Kenoe Talks “Pirates” on Rick Ross’s God Forgives, I Don’t


Kenoe’s discography runs deep. As a teenager, the Baton Rouge-born producer has linked up with the legendary No Limit Records in the late ’90s, and worked closely with C-Murder, Master P, Silkk The Shocker and others. Over the years, he has churned out numerous records with notable acts including B.G., Turk, Lil Flip, and more recently with Lil Wayne, Jay-Z, Kanye West, and Nicki Minaj. Now, overseeing his own production company, NightRydas Productions, with up-and-coming producers such as Snizzy (“Nightmares of the Bottom” by Lil Wayne) and Beat Bully (“So Sophisticated” by Rick Ross), Kenoe’s expanding his reaches and providing a plateau for young artists. As a hustling producer himself, he expands on the process it took to get a placement on Rick Ross’s latest, God Forgives, I Don’t. —Jaeki Cho (@JaekiCho)

XXLMag.com: How did you link up with Rick Ross?

Kenoe: I met Ross few times. When he first came out, I would bump into him. One time, I was on my way back from L.A. and I saw him at the airport just randomly. It was five in the morning. I talked to him then, and we exchanged numbers. I was like, “Man, I want to get you some beats.” And he was like, “I got Meek Mill coming in town, I got Wale. Call me tomorrow.” But you know how it is, we never got to link up. And his number had changed by then. I was like, “Damn, I missed him.” So during the time when Wayne was working on The Carter IV, I was pretty much over there with Wayne a lot at the Hit Factory. And Ross was shooting a video, a song with Birdman. So I walked up to him again, and told him, “I have some shit for you.” When I saw him, I went to my laptop immediately and put a CD together. I had gone through Khaled a few times trying to get some beats to Ross, I went through everybody. It was just a hustle. I was determined to get on Ross’s album. But to make the long story short, I put the beat in his hand.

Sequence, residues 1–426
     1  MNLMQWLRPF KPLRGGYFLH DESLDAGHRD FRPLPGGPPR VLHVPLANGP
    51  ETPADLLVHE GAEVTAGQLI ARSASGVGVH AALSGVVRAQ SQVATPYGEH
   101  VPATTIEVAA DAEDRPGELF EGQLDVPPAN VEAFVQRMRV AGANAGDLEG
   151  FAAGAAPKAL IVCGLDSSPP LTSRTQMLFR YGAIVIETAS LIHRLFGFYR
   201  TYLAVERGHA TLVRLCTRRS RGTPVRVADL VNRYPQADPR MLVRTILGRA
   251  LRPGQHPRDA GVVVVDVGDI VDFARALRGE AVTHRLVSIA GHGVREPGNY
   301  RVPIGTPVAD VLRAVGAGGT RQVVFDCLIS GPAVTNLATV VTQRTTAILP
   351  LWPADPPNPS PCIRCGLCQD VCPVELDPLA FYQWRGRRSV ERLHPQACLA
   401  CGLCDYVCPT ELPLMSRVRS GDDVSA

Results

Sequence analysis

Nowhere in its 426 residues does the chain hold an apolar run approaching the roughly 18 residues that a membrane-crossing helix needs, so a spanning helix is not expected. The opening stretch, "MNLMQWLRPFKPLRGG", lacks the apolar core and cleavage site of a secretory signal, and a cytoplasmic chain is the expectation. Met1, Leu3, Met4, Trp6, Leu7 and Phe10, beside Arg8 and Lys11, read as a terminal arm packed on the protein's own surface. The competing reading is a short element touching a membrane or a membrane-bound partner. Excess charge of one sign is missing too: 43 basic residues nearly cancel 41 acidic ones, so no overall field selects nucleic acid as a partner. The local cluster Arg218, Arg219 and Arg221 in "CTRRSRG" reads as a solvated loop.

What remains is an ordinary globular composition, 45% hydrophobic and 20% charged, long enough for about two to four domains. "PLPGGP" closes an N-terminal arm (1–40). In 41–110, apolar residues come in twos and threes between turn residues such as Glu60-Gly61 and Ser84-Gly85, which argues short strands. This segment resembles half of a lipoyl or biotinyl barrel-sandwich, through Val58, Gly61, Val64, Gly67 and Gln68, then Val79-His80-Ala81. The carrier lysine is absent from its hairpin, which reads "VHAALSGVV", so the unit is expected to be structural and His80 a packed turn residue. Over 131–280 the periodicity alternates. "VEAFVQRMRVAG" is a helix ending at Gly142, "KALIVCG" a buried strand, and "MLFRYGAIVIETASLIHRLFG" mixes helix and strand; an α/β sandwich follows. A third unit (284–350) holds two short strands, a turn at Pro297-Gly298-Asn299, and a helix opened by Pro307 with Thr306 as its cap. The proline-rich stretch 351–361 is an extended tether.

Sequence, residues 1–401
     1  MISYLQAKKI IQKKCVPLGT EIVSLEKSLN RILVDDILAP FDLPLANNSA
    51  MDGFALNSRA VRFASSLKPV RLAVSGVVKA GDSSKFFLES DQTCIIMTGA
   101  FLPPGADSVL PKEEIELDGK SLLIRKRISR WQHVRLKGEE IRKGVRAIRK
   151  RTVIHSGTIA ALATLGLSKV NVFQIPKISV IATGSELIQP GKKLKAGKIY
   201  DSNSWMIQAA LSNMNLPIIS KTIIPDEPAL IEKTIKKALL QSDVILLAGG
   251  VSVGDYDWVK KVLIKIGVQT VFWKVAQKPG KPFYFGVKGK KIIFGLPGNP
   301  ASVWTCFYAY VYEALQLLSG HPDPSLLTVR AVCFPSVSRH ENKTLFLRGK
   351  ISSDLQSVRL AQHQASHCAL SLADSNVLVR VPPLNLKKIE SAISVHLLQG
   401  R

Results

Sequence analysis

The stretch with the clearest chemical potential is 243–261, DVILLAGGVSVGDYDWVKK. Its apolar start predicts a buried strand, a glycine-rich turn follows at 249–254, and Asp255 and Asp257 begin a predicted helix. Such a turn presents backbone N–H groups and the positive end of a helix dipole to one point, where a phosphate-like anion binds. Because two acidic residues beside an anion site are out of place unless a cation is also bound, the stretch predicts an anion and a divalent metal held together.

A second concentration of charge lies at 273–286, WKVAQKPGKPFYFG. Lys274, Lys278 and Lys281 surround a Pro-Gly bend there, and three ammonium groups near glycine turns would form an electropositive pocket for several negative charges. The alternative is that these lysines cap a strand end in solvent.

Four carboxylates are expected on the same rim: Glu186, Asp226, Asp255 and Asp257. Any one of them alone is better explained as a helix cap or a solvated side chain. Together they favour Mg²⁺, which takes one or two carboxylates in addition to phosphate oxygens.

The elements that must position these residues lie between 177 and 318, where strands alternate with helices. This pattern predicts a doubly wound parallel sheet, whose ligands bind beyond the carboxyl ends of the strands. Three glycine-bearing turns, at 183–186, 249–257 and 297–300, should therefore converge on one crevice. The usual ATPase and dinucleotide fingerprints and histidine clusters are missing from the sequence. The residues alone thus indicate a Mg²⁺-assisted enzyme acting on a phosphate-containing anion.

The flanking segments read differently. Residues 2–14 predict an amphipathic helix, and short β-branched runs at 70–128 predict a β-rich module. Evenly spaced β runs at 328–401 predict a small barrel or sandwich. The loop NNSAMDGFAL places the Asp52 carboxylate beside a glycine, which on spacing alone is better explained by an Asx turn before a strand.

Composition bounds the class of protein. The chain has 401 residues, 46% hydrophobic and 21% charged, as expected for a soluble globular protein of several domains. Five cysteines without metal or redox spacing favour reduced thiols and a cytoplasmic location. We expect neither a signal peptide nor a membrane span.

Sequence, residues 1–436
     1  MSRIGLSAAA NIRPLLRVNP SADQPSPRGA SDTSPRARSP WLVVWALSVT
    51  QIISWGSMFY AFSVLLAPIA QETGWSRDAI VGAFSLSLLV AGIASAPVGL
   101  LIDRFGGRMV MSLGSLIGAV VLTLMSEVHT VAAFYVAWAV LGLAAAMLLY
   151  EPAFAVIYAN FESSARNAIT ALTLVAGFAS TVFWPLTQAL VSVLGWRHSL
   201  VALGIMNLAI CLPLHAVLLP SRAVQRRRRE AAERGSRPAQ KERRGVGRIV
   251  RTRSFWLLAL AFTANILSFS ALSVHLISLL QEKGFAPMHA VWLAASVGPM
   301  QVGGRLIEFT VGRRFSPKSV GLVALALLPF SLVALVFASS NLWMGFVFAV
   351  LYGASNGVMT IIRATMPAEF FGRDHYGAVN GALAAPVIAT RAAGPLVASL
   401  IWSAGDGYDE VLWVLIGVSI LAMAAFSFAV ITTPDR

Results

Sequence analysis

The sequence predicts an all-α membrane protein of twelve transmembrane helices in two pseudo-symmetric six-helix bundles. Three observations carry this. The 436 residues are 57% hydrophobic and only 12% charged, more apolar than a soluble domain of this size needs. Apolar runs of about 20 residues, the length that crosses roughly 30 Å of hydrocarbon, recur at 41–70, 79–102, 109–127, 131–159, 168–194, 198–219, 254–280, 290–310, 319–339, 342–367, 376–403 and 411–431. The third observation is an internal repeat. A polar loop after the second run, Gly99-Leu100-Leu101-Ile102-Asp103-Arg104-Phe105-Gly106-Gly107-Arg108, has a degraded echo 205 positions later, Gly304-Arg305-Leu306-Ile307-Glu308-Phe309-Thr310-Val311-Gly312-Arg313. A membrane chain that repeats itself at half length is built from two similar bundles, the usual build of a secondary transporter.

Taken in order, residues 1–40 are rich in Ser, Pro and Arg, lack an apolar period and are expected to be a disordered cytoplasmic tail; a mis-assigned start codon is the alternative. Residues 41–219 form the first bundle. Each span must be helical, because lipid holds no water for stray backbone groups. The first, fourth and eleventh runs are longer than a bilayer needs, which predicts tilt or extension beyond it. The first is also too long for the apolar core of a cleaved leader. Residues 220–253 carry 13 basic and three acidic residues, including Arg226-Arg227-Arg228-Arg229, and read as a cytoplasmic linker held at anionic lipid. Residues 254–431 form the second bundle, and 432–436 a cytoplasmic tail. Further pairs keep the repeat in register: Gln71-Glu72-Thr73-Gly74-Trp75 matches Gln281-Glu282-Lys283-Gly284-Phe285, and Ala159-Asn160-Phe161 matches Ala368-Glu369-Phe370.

How long did it take for you to hear a response?

They called me back months later asking me if that beat was available. And then I looked it up. They called me back in December when he was going to drop then. The first release date he had for it. So I’ve been on that since then. It ain’t nothing like this that stuck.

Did you get to hear the record before it was released

The crazy part about it, is that I never heard it. I just knew the beat was good. One of my producers, a guy named Crack Koke. Actually, his name is Got Koke. He’s from Mississippi. He’s on that “Pirate” joint with me. Beat Bully did “So Sophisticated.” I got him signed as well. I have a production company. It’s NightRyda’s Production, I have four producers. One of the guys is Snizzy, then I got Beat Bully, I have this other cat named Jones. He’s been working with A$AP Rocky. He has a few records for Wayne. We working, man. We collectively make our beats. And everybody got placements. The main ingredient of it is me. I actually go out, and through my relationships, I relentlessly hustle and try to get on these projects.